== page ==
The methyl cycle, a universal metabolic pathway providing methyl groups for the methylation of nuclei acids and proteins, regulates all aspects of cellular physiology. In this study, published in Communications Biology, researchers show that methyl cycle inhibition affects biological-circadian rhythms in species ranging from unicellular algae to humans cells.
Methylation is involved in the regulation of everything from DNA to proteins, and it is so vital that it can be found in all living organisms. In a recent paper published in Communications Biology, a team of researchers lead by Jean-Michel Fustin and Hitoshi Okamura from Kyoto University’s Graduate School of Pharmaceutical Sciences has uncovered an intimate connection between methylation and the body’s circadian rhythms: a link that exists even in organisms that don’t traditionally ‘sleep’, such as bacteria.
As a reminder, methylation reactions begin with the metabolization of methionine into S-adenosylmethionine (SAM), the universal methyl donor co-substrate in the transmethylation of nucleic acids, proteins, carbohydrates, phospholipids and small molecules. During methylation, SAM converts into adenosylhomocysteine (SAH) and rapidly hydrolyzes into homocysteine (Hcy) and adenosine by the enzyme adenosylhomocysteinase (AHCY), which prevents competitive inhibition of methyltransferase enzymes by SAH.
It is this ratio of SAM/SAH that is a critical measure of methylation potential. Methylation deficiencies can occur from poor diet or genetic polymorphisms, and may contribute pathologies such as cancer, atherosclerosis, birth defects, aging, diabetes and pancreatic toxicity, hepatotoxicity and neurological disturbances.
“Disfunction in methylation can cause any number of pathologies, from atherosclerosis to cancer,” explains Fustin. “Previously we discovered that inhibiting methylation in mice and human cells disrupted their body clocks.”
In 2013, these same researchers reported that the inhibition of the methyl cycle by AHCY inhibitors affected the circadian clock in mouse and human cells. In this research, they show that “circadian rhythm perturbations can be used as a quantitative gauge for the physiological consequences of methylation deficiency.”
Methylation and the circadian rhythm, he adds, are ancient mechanisms retained in many organisms from bacteria to humans. “So, we hypothesized that the link between the two was also ancient,” says Fustin.
The team began by collecting cells and tissue samples from different organisms and measuring their biological rhythms. On average, all organisms run on periods of 24 hours.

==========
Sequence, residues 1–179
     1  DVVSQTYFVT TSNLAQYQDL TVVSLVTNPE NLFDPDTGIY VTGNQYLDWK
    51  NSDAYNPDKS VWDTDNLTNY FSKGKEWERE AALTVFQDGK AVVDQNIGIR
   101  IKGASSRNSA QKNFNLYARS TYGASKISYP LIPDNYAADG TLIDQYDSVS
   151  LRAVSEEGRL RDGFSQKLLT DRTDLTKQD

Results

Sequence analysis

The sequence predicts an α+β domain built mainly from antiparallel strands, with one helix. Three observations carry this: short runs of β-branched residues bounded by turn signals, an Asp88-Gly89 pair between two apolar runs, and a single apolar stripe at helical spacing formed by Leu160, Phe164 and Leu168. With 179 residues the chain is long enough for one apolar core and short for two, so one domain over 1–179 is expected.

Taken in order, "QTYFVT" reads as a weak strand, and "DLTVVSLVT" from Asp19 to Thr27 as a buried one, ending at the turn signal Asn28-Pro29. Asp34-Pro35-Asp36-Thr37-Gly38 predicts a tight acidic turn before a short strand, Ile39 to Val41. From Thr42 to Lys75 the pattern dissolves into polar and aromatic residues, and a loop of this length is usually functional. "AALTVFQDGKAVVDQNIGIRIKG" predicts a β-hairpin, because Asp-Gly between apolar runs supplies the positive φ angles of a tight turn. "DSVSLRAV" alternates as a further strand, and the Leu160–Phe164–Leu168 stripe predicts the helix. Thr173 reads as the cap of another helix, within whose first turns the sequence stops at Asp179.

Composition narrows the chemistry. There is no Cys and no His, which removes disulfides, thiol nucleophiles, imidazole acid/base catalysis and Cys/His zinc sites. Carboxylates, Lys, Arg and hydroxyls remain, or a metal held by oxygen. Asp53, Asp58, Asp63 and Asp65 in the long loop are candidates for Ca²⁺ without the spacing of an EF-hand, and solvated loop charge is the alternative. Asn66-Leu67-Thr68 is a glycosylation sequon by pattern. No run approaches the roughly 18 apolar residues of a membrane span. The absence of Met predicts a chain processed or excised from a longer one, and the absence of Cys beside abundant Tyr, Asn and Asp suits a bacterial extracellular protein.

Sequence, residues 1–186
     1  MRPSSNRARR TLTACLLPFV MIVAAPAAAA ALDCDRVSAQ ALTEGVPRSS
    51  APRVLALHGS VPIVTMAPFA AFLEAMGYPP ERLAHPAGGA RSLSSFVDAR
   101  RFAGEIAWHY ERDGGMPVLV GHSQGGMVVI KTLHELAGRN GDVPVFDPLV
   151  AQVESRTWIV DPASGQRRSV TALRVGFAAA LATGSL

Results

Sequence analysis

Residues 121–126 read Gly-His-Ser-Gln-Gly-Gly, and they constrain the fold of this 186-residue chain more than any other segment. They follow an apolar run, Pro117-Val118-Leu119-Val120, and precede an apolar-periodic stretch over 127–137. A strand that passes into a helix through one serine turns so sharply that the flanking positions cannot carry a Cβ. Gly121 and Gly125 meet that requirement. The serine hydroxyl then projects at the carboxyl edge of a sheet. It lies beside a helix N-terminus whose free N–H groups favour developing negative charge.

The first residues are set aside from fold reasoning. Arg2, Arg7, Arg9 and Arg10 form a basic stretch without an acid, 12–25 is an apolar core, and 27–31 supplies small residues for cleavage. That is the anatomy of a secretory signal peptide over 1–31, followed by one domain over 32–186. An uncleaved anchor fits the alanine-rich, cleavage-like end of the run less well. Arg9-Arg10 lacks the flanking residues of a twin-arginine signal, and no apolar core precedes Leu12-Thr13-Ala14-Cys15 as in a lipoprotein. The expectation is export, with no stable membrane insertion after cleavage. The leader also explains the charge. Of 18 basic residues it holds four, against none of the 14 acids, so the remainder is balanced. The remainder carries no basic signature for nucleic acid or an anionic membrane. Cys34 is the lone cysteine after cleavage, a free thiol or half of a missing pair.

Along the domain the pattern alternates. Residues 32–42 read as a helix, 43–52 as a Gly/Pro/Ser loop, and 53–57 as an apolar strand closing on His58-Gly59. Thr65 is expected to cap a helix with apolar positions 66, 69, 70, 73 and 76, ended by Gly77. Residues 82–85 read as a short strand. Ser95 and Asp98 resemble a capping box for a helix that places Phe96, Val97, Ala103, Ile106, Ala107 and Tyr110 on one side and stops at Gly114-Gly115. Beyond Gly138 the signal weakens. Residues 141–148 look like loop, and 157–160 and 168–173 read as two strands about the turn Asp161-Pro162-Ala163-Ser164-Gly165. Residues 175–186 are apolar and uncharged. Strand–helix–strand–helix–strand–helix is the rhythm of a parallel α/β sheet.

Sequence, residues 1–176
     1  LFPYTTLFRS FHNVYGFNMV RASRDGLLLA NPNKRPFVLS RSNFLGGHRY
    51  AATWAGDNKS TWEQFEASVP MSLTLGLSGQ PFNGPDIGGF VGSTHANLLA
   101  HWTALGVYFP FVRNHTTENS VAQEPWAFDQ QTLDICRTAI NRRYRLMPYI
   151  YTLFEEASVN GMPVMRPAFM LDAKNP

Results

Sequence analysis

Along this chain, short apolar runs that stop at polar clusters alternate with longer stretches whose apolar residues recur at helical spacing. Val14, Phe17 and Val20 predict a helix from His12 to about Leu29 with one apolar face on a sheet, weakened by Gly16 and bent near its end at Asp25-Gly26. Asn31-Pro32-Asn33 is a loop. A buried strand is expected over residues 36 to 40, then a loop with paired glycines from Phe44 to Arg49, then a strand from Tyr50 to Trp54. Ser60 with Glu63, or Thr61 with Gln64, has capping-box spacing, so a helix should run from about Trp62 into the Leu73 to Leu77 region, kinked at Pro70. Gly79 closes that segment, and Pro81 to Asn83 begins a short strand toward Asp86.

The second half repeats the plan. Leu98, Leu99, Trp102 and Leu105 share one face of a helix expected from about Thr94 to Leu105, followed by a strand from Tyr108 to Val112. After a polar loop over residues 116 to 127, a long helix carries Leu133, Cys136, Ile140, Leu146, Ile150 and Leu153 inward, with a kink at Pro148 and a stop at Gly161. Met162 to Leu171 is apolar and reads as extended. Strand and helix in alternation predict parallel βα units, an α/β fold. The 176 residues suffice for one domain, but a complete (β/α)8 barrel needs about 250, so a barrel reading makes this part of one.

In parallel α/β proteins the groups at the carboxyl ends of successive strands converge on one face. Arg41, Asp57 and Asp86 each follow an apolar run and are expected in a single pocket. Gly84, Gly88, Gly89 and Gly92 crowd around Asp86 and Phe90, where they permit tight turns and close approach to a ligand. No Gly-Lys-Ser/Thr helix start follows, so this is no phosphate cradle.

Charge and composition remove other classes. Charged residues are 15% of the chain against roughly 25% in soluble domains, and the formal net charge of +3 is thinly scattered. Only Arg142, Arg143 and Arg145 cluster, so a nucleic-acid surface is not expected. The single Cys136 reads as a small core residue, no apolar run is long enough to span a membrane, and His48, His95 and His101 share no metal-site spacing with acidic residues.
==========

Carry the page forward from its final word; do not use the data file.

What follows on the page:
The next step was to find out what happens when methylation is disrupted, and as anticipated, significant alterations in the circadian clock were detected in all cell types, including in plants and algae. However, cyanobacteria — photosynthetic bacteria — seemed relatively resistant.
“The methylation pathway in bacteria is slightly different from other organisms. But when an alternative compound inhibiting a different part of methylation was used, the circadian clock was indeed strongly affected there as well,” Fustin continues.
Applying their findings, the team then took a gene that is key in controlling bacterial methylation and introduced it into mouse and human cells. Exceptionally, the bacterial gene was able to protect the cells from the first methylation inhibition compound, with no alterations observed in circadian rhythms.
“Not only did we find the evolutionarily conserved link between two ancient biological pathways — methyl metabolism and biological clocks — but we also opened the door to a possible new treatment for methylation deficiencies,” concludes Okamura. “All organisms are more alike than you might think, and knowledge about how we evolved will allow us to better understand ourselves and the natural world.”
The researchers write, “methylation as a universal regulator of rhythmicity,” write the researchers. It provides a potential avenue to translate the fundamental understanding of methylation deficiencies to clinical applications. The summarize that the partial rewiring of the mammalian methyl cycle to protect proteins and nucleic acids from the consequences of methyl cycle inhibition, could present a strategy to treat methylation deficiencies, such as homocysteinemia or the autosomal recessive AHCY deficiency.